In passing, Brandom glosses Hegel’s famous contrast of Reason and Understanding as conceptual versus representational thinking. This seems worthy of a pause.
As we have seen in previous posts, Brandom argues that Hegel sees conceptual content in terms close to Brandom’s own inferentialism, particularly stressing the dual role of material incompatibility and material consequence in the constitution of meaning on the one hand, and in the proprieties of normative judgment on the other.
Brandom relates material incompatibility to Aristotelian contrariety. I have also related it to Aristotelian difference, which functions as a sort of n-ary contrariety. (Aristotle talks much more about difference than about identity, and this is no accident. He happily lacks later identitarian obsessions.) Meaning comes primarily from distinctions of form, not referential pointing. Aristotelian form — at least in one very important sense — is constituted by distinctions. The kinds of distinctions that are particularly relevant are those that impact reasoning. If you follow out enough of the consequences of materially incompatible things, for both Aristotle and Hegel you will eventually get a logical contradiction. Brandom’s Hegel is more interested in understanding how we end up at a point of contradiction and do something about it, than in using contradiction to allegedly explain historical change.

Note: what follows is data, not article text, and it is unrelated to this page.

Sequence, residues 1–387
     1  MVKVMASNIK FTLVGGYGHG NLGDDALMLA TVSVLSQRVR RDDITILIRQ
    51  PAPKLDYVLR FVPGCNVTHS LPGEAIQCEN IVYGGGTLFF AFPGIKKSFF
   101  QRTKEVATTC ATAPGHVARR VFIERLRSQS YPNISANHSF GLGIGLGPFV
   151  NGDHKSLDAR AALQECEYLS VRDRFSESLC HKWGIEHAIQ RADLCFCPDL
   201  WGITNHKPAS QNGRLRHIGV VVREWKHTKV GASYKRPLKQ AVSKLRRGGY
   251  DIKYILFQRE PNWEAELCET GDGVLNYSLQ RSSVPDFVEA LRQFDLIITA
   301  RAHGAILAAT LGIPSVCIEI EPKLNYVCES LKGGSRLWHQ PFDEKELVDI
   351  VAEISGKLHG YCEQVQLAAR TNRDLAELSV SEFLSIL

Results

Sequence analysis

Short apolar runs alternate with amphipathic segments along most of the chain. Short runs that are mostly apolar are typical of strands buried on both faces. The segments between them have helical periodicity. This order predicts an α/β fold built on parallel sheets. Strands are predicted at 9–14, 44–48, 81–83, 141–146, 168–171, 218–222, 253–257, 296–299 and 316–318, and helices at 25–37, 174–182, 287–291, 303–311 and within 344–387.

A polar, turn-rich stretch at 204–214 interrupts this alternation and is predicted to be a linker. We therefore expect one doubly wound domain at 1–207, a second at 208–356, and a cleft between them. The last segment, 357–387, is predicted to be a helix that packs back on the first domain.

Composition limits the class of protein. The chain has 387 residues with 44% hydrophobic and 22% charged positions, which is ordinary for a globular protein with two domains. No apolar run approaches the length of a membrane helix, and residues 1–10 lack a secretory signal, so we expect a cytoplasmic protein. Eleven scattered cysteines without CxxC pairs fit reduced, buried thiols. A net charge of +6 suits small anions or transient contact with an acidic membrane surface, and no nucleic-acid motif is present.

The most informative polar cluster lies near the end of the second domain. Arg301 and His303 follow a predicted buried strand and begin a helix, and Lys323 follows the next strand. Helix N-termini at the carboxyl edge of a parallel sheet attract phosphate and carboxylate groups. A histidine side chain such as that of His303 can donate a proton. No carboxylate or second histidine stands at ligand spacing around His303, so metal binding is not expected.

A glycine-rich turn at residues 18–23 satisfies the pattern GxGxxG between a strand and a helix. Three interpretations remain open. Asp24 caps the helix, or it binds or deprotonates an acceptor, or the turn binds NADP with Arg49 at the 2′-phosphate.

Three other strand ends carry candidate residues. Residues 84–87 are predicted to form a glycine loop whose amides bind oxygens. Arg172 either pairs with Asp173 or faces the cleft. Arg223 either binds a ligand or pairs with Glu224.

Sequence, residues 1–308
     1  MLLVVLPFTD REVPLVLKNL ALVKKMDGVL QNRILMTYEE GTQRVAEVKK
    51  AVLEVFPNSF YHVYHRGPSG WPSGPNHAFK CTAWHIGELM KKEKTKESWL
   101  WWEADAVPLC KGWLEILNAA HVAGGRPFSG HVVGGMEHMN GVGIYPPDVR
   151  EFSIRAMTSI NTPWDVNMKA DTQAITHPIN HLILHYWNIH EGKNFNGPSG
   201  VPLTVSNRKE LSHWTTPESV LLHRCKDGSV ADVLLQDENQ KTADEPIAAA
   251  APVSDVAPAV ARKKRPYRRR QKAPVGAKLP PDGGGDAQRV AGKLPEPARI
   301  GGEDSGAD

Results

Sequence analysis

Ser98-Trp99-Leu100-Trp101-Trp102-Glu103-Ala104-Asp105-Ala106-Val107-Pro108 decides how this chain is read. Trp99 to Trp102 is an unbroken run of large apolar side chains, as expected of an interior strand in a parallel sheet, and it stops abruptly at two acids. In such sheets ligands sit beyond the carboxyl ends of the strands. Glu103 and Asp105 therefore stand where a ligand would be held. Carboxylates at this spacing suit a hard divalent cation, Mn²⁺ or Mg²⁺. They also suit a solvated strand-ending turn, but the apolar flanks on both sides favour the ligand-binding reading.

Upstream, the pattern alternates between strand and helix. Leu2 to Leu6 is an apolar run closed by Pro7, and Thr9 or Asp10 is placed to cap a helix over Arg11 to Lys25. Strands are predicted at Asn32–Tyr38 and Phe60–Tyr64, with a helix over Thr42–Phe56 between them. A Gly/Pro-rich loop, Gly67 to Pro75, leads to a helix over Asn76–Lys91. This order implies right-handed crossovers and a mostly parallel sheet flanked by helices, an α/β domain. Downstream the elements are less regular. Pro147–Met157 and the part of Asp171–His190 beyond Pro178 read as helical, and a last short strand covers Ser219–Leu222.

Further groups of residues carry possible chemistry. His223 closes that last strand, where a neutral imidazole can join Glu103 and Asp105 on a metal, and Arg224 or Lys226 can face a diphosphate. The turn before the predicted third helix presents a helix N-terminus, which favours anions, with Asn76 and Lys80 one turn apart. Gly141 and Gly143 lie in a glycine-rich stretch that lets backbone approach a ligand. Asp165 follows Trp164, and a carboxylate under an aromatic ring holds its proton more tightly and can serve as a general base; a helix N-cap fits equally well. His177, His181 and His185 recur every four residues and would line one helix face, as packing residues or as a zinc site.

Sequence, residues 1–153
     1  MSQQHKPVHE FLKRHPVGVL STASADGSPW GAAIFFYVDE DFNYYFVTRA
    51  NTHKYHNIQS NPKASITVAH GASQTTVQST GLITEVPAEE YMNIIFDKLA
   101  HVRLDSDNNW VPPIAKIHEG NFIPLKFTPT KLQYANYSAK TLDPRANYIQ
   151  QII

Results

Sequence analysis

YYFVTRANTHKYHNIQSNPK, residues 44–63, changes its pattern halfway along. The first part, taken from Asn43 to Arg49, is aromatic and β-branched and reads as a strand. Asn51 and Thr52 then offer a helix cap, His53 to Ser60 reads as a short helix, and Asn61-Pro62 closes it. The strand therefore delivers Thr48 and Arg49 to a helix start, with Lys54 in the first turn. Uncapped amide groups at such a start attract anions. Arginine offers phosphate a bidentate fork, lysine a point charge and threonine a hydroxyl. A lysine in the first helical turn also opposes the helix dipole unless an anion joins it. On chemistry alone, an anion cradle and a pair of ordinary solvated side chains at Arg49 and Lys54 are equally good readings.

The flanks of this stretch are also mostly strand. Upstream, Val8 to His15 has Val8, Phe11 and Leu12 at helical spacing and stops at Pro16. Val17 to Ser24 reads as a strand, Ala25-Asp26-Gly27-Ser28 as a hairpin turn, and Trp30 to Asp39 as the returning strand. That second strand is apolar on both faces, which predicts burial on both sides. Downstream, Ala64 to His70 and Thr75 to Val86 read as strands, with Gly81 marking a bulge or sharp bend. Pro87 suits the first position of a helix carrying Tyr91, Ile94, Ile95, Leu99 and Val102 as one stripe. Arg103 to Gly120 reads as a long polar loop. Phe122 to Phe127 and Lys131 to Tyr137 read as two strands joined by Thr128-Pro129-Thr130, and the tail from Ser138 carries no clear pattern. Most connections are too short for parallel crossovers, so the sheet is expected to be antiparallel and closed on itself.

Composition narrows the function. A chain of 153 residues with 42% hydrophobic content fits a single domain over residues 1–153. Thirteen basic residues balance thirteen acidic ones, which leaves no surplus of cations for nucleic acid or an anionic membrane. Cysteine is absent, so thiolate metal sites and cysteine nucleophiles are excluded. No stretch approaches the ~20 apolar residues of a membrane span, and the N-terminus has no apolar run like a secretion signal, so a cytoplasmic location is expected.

I also think that with the conceptual, there is always at least implicitly something normative or value-oriented. Brandom call this “Kant’s second master idea”. By contrast, representation seems to be purportedly value-independent. (Brandom tells us that Kant’s alternative to the representationalist view of representation is to treat it in terms of claims to normative validity.) Representation also tends to privilege identity over difference.
Most of what Hegel explicitly says about Understanding treats it as an overly narrow style of reasoning typical of, say, Descartes or Locke. Descartes and Locke are in fact the arch-representationalists of early modernity, but an association of Understanding to representation or representationalism is not in the foreground in Hegel’s text, so Brandom’s gloss of Understanding as representational thinking represents a significant nonobvious insight.